another close up picture showing thread paintingMelinda likes Steam-A-Seam 2 to fuse her quilts. I like Steam-A-Seam too, but it does add a lot of fusible . Not entirely a bad thing. Due to the Steam-A-Seam and heavy quilting my quilt is rather stiff and lays really flat. Both good things for a wallhanging. The negative is I had layers of the fusible, some areas 5 or 6 fabrics thick to quilt through. Not all thread or machines like that. I started quilting this on my Baby Lock Ellisimo with Sulky 30 wt Rayon (Melinda’s prefered thread). No matter what needle I put in (topstitch, mirotex, embroidery, sharps, jeans ,titanium) the rayon shredded. Changing my thread to Floriani or Glide helped, but my Ellisimo wasn’t in love with this project. Consequently, I quilted the bulk on my George.
 The other consideration is paying attention to your tension.If you look closely at the picture of the stitching on the back, you can see my tension wasn’t always ideal, not terrible, but not perfect either- depending on what area I was quilting.
 I thread painted this quilt with Floriani Polyester, Glide poly, and Superior threads variegated Omni and Magnifico, all 40 wt in top and in the bobbin. These threads were great- no hassle threads. I used a variety of manufactures to get the colors I needed to match the fabrics.
a picture of the back of the quilt more clearly showing thread painting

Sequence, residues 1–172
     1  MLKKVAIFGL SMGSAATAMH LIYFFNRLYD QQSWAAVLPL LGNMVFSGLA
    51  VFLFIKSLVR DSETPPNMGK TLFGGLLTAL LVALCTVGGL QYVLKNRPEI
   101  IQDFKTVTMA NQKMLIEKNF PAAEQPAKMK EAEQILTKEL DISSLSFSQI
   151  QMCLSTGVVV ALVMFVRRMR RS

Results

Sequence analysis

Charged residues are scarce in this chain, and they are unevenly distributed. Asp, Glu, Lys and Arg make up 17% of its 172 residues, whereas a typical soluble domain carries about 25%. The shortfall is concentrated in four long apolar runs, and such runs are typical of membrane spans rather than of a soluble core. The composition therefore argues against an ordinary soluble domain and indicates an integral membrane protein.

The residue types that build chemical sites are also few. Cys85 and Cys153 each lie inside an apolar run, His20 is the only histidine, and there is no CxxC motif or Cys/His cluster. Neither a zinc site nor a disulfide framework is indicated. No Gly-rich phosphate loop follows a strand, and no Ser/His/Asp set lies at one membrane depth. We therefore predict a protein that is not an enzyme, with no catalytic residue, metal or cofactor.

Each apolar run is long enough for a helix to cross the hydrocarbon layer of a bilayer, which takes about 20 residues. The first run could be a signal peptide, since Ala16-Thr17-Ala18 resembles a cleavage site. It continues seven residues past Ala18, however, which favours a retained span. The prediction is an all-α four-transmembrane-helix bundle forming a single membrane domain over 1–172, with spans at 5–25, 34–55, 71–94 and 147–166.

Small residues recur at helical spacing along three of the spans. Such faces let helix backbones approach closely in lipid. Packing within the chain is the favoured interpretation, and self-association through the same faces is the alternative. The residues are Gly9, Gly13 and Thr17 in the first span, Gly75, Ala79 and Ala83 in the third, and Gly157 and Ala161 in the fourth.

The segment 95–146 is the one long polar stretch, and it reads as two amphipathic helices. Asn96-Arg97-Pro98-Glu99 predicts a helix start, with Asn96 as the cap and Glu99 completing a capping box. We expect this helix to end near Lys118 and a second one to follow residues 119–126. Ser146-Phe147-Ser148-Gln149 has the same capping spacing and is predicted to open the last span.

The small white spots are either fusible or the warm and natural batting being pushed through the back of the quilt on my occasionally gummy needle

Finally the last thing that didn’t work so well for me, was Melinda’s technique of starting and stopping a stitch line.  Melinda pulls her threads to the top takes a few stitches and clips the tails. She feels that all the fusible will fuse the thread ends in the quilt when you hit it with an iron and make your stops and starts invisible. I found that sometimes my threads did come loose in-spite of all my ironing. Little bird nests do show more on the back where I start or finish if I take a few extra small stitches with 40 wt to secure those tails. It’s also difficult to bury threads with the heavy stitching and fusible. I think it’s just one of those things that I need to work on perfecting that technique. Maybe my big ole Rowenta steam iron doesn’t get hot enough??? Inquiring minds may want to figure that out. haha

I had a lot of fun with this quilt and would love to do a poinsettia for the holidays….some year !?! Thanks for stopping by and visiting!

Now onto Thank Goodness it’s Finished Friday.

 Loading InLinkz ...


Also heading over and linking up with can I get a Whoop Whoop!